it would end the Temporary Protected Status designation for Haiti, a move that could affect tens of thousands of Haitian immigrants. The Department of Homeland Security announced in January
that it would end such protections for more than 200,000 Salvadorans, and later in the week, the White House rejected
a bipartisan immigration proposal, including a fix for DACA.
Trump entered office with his party ascendant, for the first time in a decade controlling both houses of Congress and the White House. The GOP's narrow majority in the Senate has hampered their efforts some, but since Trump has taken office, they've gotten 109 bills of varying significance into law, and Trump has issued dozens of executive orders, perhaps most notably his attempts to impose restrictions on travel from several majority-Muslim nations.
Under Trump, the US war on terror has continued, and in some senses, the US footprint has expanded
US airstrikes in Somalia and Yemen ramped up under Trump, and a deadly incident in Niger drew more attention to the US military's involvement across Africa.
Chairman of the Joint Chiefs of Staff Gen. Joseph Dunford said in October that the US has about 6,000 troops in Africa, "and they're in about 53 different countries."
2017 saw Iraq declare
ISIS defeated there, and Trump has stressed
his belief that the militant group was nearing its end.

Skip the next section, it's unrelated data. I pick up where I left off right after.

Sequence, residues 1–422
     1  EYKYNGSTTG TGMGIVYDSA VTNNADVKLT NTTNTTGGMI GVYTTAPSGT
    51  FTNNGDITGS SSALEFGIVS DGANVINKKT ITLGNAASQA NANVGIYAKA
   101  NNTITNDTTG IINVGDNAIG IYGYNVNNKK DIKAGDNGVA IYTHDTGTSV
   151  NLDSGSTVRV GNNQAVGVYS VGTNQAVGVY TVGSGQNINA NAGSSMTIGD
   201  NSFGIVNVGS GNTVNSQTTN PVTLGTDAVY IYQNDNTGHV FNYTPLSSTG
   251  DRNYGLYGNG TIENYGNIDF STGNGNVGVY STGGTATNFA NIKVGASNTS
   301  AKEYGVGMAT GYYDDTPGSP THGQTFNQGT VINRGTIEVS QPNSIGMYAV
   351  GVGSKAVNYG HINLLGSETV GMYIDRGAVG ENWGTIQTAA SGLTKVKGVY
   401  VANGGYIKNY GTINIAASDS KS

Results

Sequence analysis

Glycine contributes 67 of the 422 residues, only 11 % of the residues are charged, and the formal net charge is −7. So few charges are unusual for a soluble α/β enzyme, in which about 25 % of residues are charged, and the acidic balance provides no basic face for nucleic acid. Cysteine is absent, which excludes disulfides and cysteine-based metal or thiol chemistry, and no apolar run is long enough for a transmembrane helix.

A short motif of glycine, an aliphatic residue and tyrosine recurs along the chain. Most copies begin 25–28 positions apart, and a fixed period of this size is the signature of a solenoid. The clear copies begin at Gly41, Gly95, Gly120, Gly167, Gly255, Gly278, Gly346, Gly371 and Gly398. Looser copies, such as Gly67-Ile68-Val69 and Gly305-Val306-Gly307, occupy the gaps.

Trump in August opted
not to pull the US out of Afghanistan, where 12 service members died from combat during the President's first year, according to a review of Pentagon announcements on casualties.
The US-led coalition against ISIS announced
the first death of a US service member in Syria in 2016, and in Trump's first year, the Defense Department announced two US military deaths in Syria, one
in "a non-combat-related incident" and the other
from injuries in a "vehicle rollover related incident."
International (and domestic) standing
International polls taken
in 2015 and 2016 compared with those taken in 2017 showed shifts in views of the US, with declining opinions among several major US allies, a standstill from Israel and a boost in Russia and Vietnam.
On the domestic side, satisfaction with the direction of the country
, as with most matters of public opinion, is stratified by party.
Trump made his first international trip to Saudi Arabia, and during his first year he toured the Middle East, Europe and Asia.
He moved to pull the US out of the Paris agreement on climate change and withdrew from the Trans-Pacific Partnership. He has continued to certify Iran in compliance with a multilateral nuclear agreement, but he criticized the agreement along the way, and threatened to withdraw from NAFTA.
On the homefront, Trump visited dozens of states and Puerto Rico.
The National Oceanic and Atmospheric Administration said
2017's combined weather and climate disasters broke the US record for annual cumulative cost, at a total north of $300 billion, including hurricane devastation in Puerto Rico, Florida and Texas.
As direct and indirect consequences of the disasters continue for years, the costs will inevitably rise, making these numbers uncertain, as unfortunately is true for the body count
Outside of Trump's actions, maneuvering in Congress and the President's picks reworking federal departments, a "cloud"
hangs over much of the political world.
The myriad investigations related to Russian interference in the 2016 US election and potential attempts to coordinate with Trump's associates continue, leading to backlash from the President and regular developments gripping Washington.